“We are in a pretty historic El Niño, which usually correlates to above-normal temperatures across central and eastern Alaska,” Tom Di Liberto wrote by way of explanation last year at Climate.gov. “On top of that, the Aleutian low pressure system, a semi-permanent low that camps out near, you guessed it, the Aleutians during the winter was much stronger than average.
“With counter-clockwise air flow around the low, southeasterly winds brought warm, moist air to Alaska…And one cannot overlook the impact of climate change. According to the National Climate Assessment, over the past 60 years, Alaska has warmed more than twice as fast as the rest of the country. Average annual temperatures have increased by 3°F with winter temperatures increasing by 6°F.”
Then, too, there was “The Blob,” a huge pool of warm water in the Gulf of Alaska that looked like it might never fade away although it finally did.
Sans “The Blob” and “El Nino,” this year’s pulse of warm air looks to lack the power of the bursts of the last couple winters, which is good news for those in Alaska’s hinterlands.
While Anchorage was to get rain early in the week, the weather service posted a “winter weather advisory” for remote areas north and west of the city. The precipitation there was expected to fall as snow.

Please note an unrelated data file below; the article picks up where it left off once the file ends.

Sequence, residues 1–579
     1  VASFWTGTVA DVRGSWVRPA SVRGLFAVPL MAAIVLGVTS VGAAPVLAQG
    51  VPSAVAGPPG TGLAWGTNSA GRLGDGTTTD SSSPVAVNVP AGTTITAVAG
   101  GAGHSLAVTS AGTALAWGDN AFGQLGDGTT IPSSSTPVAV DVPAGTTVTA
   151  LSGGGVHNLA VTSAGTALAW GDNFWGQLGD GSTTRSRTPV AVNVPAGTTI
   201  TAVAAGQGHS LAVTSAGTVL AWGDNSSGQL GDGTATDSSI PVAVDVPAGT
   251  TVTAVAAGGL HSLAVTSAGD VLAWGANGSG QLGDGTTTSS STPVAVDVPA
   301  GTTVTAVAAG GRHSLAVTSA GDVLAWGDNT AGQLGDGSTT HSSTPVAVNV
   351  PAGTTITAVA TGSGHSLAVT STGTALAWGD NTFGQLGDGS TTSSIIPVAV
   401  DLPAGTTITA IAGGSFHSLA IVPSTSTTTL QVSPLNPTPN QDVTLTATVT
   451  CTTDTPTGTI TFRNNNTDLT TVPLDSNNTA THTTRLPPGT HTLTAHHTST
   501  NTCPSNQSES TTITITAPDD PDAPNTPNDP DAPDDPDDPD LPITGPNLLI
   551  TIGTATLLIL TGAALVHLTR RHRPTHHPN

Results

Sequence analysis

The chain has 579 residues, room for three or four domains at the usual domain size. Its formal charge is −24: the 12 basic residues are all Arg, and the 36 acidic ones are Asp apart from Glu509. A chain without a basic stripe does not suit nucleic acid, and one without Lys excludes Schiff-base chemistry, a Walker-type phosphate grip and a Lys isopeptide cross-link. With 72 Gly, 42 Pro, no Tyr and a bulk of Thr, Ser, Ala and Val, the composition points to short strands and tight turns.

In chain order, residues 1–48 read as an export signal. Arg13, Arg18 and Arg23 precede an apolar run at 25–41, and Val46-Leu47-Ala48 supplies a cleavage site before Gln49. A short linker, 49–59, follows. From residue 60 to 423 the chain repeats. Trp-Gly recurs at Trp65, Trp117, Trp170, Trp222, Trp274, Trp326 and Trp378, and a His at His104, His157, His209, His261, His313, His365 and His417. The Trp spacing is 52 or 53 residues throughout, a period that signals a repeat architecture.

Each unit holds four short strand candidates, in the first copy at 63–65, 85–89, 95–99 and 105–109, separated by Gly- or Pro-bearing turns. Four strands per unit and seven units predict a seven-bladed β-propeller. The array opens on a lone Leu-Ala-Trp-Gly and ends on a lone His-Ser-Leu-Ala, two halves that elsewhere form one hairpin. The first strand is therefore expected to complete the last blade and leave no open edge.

The sometimes Iditarod Trail Sled Dog Race checkpoint of Skwentna was expected to get 6- to 10-inches of snow over the next couple days with a chance of some rain mixing in late Tuesday afternoon.
By and large that was good news for remote tourism businesses that depend on snowmachine traffic in the winter to survive. They took a big hit when the Iditarod this week announced it was moving the race’s restart north to Fairbanks for the second time in three years because of a shortage of snow in the Alaska Range.
But the Iron Dog, the world’s longest, toughest snowmobile race is still headed up the Iditarod Trail this weekend followed by Iditasport, a loosely organized re-enactment of the first attempt to get Nome on bikes. And the human-powered Iditarod Trail Invitational, which might be challenging the Iditarod for the title of The Last Great Race given the difficulty of racing a fat bike to Nome, starts up the trail from Knik on Feb. 26.
All of those events say they’re a go no matter the weather, and – this being Alaska – if you blink it could change. The last time the Iditarod went to Fairbanks in 2015 because it was too warm and snowless in much of Alaska, mushers got blasted with an extreme cold snap.
That was the year four-time Iditarod champ Lance Mackey, his hands damaged by frostbite in 50-degree-below-zero temperatures, announced “this is it for me.” Minus-50 is almost enough to make any sane person wish for global warming.
The official start of the Iditarod has been moved to Fairbanks where they get to run on frozen rivers much of the way. Really hurt some small communities that rely on it for an economic boost.
Most of the mushers like it from what I’m reading.